I wasn’t going to keep doing “Jaws rip-off” films this month, but it’s a hard habit to break. And I love Creature Features in general, so it’s an easy genre for me to keep watching. Unfortunately, this week I had a string of migraines and some internet issues, which meant my initial plan – Orca this week, Grizzly the following – went out the window. Hopefully they’re only delayed a week each and we’ll catch up with Richard Harris and Christopher George later on.
For this week I’m digging out an older set of reviews, a pairing I put together mostly due to the way the titles work together (they’re like Night and Day! I’ll get my coat…) I’m cheating a bit – Night of the Lepus came out in ’72, a full three years before Jaws, and so it doesn’t really count as a Jaws rip-off.
Also, I was in a mood when I watched these originally. Sorry.
I actually paid for Night of the Lepus (in more ways than one). I rented it on Amazon streaming and that’s three bucks I’ll never get back. There’s a Shout Factory Blu-ray available and it’s supposedly very good.
Day of the Animals was released on Blu-ray as well, but I’m never going to pay $20 for a William Girdler film. I would have rented it on streaming, but it’s not available there either. I ended up watching it on YouTube in a pan-and-scan version. As it approximates how I saw it on TV way back when, I didn’t mind. I’m sure the picture quality is fantastic on Blu-ray, but if I want to watch dodgy bird attacks in high-def I’ll watch The Birds.
(Note: Day of the Animals is now available on streaming for rent and purchase. The free option on Tubi is actually the RiffTrax version, though.)
Night of the Lepus (1972)
Night of the Lepus is terrible, really. It’s poorly shot, written, acted and edited. The special effects are, well, decidedly not special. Other than a few moments – distinguished primarily by a guy in a bunny suit – it’s not even in ‘so bad it’s good’ territory. I had a hard time not falling asleep during the film, and was primarily sustained by the occasional bunny attack and those aforementioned ‘guy in a suit’ moments.
The setup involves a rabbit being dosed with hormones to try and control overpopulation on a desert ranch. It gets released accidentally and soon – giant rabbits! They kill an old prospector – maybe he was dressed as a carrot – which leads to the rancher and some officials dynamiting their burrow. Of course they’re rabbits, so they dig their way out and go on a slow motion rampage across indifferently constructed miniature sets before finally being massacred by guns and an electrified train track.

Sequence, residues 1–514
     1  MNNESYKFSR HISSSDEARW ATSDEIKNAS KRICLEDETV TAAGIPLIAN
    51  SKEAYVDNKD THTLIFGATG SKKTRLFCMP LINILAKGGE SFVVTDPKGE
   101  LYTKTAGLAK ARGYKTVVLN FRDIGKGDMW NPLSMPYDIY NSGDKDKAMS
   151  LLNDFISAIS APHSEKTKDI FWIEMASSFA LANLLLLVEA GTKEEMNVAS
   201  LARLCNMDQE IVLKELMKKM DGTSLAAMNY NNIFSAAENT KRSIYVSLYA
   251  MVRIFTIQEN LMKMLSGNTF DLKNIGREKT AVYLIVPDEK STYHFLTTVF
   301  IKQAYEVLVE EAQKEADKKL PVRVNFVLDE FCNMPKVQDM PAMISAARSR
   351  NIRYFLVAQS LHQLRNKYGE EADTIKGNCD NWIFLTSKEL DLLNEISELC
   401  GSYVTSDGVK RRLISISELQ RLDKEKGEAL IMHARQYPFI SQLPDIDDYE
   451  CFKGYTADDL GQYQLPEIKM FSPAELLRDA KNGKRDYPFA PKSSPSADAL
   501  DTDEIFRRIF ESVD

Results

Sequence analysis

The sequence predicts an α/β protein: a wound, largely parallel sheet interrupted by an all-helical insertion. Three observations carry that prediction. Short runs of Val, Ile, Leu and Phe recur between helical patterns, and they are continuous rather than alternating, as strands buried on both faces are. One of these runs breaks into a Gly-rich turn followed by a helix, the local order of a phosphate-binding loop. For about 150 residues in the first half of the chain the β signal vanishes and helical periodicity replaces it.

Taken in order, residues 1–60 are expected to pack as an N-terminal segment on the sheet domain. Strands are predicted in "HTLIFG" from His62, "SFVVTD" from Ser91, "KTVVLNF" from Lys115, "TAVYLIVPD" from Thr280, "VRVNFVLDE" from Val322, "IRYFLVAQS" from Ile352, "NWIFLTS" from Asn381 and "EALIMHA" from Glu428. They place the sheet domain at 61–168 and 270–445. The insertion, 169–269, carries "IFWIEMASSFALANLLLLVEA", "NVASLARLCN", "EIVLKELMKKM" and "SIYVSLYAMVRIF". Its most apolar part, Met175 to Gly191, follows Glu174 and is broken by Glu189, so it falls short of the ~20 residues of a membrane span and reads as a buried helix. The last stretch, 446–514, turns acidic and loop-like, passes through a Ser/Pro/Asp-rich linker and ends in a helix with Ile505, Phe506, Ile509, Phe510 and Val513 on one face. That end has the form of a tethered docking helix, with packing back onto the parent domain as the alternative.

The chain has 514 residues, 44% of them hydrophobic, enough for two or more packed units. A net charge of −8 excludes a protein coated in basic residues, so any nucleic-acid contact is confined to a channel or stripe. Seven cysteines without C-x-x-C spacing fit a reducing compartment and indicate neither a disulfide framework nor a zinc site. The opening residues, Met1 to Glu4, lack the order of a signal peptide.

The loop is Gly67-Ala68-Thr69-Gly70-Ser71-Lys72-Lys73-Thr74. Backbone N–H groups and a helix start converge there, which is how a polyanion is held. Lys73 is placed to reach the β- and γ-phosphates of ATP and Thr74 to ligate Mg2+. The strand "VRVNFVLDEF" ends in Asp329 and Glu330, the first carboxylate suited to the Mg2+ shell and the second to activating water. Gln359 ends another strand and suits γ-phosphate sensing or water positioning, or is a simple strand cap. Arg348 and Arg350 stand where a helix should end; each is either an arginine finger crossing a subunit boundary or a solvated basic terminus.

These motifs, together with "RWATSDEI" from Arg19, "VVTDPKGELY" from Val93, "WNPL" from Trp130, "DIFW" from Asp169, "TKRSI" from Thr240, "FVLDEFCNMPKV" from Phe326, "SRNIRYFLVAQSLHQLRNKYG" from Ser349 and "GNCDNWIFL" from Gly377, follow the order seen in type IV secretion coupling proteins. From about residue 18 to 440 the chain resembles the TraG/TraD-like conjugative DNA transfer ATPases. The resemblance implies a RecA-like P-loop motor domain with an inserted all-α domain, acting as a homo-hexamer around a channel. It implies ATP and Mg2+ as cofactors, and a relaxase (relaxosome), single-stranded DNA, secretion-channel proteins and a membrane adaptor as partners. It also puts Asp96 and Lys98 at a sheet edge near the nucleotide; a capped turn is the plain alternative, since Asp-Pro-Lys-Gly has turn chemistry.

It’s possible that this film could be fun with the right group of people. It’s completely ridiculous, but played absolutely straight by the actors and director. The rabbits themselves are the most un-menacing group of lethargic bunnies you could think of and even when covered in blood or foaming at the mouth just look cute. Some of the interior sets are okay – and it’s fun to see a herd of rabbits hopping in slow motion down the miniature streets of a small town – but in general not a lot of consistency has gone into the effects. Sometimes the rabbits are ‘as big as wolves’ and sometimes they’re as big as elephants.
The ‘best’ parts are those in which a rabbit attacks an individual, because it’s obviously a guy in a bunny suit. It’s not even hidden particularly well.
I say that the acting is bad, but it’s not really atrocious – at least from the leads. They just seem tone-deaf to the kind of movie they’re in. It’s not a western, despite appearances. Rory Calhoun in particular seems a little lost dealing with giant bunnies. As for DeForest Kelley, you would think after the first few times he appears I’d stop thinking “Hey, it’s Dr. McCoy from Star Trek!” You would be wrong.
Day of the Animals (1977)
“God sent down a plague down on us because we’re just a bunch of no-good fellas.”
Day of the Animals is a much better film. Not to say that it’s a ‘good’ film in any traditional sense, but it’s more fun and interesting than NotL – for particular values of ‘fun’ and ‘interesting.’
Day of the Animals follows a group of back-country hikers as they head out to enjoy a week in the woods. Unfortunately for them, the ozone layer has been depleted to such a significant degree that ultraviolet radiation is turning the animals crazy. Within a couple of days some of them are dead and anyplace above five thousand feet is under assault be animals – bears, mountain lions, snakes, dogs and a whole lot of birds.